An abundance of security breaches came to light throughout 2015; so many that hearing yet another hacking story on the news wasn’t surprising. Now that 2016 has arrived, Paul German, VP EMEA, Certes Networks gives three predictions for what will happen in IT security this year.
- “Breach containment” will be recognised as a new area of focus for IT security strategies.
Industry researchers show that the average time of breach detection remains at around 200 days, which is an eternity for hackers to be loose in your IT systems. Despite efforts to improve breach detection strategies, these still aren’t showing the results. Organisations must also start deploying breach containment technologies, such as improved application segmentation combined with role-based access control. Such techniques can effectively contain hackers by preventing them from moving laterally through systems and keeping them from reaching the most sensitive data, therefore minimising the scope of the breach.
- The first breach involving an Internet of Things deployment will hit the headlines.
The Internet of Things (IoT) creates a huge expansion of end points that need to be managed by enterprise IT systems, which causes a huge increase in the amount of intelligent devices that are interfacing with enterprise applications, therefore immensely increasing an enterprise’s attack surface. As IoT deployments can involve highly sensitive applications, including healthcare data and financial transactions, it will be even more important to have the correct software-defined security solution in place to best manage this.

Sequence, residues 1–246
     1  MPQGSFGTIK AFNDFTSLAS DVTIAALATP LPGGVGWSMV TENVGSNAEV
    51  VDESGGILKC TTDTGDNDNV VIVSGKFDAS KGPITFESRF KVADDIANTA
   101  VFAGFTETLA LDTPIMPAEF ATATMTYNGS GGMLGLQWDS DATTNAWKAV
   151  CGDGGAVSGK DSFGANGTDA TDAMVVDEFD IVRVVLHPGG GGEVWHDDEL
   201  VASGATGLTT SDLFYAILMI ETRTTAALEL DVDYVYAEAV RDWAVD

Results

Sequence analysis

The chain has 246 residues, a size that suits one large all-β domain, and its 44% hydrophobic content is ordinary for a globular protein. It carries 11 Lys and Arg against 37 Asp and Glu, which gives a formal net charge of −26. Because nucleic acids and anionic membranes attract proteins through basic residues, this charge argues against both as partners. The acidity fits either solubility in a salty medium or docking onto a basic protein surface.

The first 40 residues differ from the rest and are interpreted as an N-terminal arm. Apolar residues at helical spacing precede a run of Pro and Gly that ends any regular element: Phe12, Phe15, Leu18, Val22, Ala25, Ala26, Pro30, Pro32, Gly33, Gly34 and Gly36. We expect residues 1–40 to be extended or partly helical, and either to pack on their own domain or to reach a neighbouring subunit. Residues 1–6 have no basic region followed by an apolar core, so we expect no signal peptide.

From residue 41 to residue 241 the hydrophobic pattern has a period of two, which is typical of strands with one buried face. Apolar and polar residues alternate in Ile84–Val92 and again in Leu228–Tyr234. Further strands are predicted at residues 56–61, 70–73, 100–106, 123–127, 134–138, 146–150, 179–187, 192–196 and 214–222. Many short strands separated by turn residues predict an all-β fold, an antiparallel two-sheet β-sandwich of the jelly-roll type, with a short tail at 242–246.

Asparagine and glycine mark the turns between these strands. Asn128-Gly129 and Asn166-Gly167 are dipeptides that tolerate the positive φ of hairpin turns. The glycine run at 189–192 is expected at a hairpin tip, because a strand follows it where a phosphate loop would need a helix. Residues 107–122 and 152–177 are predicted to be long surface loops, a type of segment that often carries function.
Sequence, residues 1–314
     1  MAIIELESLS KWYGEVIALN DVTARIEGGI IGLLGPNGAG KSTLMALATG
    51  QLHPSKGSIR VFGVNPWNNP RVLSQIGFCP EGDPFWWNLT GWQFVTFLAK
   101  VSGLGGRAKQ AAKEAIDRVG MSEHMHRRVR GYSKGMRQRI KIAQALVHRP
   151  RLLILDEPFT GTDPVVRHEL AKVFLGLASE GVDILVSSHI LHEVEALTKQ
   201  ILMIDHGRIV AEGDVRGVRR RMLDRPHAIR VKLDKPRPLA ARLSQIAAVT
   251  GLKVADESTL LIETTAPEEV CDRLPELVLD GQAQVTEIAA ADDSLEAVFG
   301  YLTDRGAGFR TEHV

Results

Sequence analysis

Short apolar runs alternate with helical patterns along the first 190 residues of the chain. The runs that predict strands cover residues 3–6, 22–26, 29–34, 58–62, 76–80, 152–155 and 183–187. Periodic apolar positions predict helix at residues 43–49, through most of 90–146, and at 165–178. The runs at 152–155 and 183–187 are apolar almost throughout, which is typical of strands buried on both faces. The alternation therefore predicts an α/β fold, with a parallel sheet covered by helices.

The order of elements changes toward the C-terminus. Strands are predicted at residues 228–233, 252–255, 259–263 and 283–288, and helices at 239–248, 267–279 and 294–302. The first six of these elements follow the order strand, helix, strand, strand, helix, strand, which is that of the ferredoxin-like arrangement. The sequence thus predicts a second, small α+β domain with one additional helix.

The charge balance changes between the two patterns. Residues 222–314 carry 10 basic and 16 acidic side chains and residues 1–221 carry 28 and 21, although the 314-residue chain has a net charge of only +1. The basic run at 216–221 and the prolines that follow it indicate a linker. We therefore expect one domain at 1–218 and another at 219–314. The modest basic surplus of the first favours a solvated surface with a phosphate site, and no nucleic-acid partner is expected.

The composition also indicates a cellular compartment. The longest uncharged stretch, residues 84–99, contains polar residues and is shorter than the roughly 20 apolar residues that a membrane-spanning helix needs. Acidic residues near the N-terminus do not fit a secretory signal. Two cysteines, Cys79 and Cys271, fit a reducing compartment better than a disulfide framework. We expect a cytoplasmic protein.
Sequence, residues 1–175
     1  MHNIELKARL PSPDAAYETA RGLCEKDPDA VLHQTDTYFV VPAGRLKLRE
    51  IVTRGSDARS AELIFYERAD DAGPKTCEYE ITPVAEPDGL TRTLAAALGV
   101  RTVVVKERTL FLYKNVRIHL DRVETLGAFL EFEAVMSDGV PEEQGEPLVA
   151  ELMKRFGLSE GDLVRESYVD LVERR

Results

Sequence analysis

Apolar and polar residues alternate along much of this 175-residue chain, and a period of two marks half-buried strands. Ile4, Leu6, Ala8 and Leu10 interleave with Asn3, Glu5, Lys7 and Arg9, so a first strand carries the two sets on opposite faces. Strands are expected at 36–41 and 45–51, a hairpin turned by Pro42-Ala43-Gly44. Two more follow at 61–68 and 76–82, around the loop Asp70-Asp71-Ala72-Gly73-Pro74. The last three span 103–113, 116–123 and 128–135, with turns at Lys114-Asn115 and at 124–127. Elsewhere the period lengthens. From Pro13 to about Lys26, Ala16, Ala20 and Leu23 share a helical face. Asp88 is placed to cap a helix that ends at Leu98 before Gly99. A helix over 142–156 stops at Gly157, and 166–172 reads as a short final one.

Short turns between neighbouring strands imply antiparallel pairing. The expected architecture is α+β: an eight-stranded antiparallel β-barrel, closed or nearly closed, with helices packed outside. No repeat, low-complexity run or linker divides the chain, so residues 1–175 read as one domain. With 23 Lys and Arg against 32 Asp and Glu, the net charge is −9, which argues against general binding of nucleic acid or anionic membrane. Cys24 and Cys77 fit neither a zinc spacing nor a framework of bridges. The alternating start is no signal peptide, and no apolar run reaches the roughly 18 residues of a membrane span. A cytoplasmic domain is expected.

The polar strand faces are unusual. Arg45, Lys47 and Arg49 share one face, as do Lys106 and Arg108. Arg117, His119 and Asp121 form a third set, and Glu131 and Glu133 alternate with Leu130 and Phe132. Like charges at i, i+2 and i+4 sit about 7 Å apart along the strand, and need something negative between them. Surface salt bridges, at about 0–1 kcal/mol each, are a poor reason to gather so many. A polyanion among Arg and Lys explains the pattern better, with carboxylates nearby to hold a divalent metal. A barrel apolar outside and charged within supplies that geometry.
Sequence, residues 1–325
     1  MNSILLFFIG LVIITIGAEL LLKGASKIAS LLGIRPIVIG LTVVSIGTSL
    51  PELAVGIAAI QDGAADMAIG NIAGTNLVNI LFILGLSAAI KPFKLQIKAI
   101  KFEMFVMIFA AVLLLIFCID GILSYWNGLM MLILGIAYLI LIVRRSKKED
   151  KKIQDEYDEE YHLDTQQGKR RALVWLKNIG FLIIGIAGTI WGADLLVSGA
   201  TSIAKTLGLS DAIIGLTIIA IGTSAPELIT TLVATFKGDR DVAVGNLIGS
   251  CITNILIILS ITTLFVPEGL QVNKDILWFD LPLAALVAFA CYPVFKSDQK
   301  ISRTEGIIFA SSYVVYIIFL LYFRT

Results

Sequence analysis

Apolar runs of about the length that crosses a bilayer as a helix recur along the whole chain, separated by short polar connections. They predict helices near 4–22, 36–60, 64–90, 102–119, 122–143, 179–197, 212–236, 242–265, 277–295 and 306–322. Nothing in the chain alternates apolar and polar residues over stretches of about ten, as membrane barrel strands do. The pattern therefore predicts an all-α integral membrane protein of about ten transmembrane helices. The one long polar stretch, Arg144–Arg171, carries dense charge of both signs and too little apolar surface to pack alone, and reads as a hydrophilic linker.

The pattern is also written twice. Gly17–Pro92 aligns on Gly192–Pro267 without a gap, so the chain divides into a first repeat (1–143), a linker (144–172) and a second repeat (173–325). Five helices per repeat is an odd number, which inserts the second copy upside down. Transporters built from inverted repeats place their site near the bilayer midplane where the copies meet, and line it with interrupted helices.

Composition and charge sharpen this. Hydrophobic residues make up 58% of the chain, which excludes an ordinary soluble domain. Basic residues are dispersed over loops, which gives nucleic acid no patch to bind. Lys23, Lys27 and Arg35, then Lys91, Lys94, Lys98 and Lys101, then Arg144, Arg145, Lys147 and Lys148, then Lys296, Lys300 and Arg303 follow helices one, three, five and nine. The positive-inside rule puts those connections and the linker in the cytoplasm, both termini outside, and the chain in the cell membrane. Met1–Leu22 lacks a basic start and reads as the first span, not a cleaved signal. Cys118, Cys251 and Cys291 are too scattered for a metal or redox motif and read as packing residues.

- Wearable technology devices will become an easy route for hackers to exploit.
The evolution of wearable technology means that these smart devices are now capable of accessing sensitive corporate data and will therefore become hacking targets, as the enterprise’s attack surface is expanded. But, as we will discover in 2016, many personal devices and applications only have consumer grade security features that are largely out of the IT department’s control. It will therefore be vital for this issue to be addressed this year, by having a software-defined security strategy that focuses on users and applications rather than the network, and by deploying a “Zero Trust” IT architecture whereby it assumed that no network, user, device or application can be fully trusted at any time, regardless of whether it is inside or outside the perimeter.
It’s time for the industry to act. Who knows what will happen in 2016, but it can be certain that the hackers won’t give up, and organisations need to have strategies in place to deal with the ever-changing technology landscape.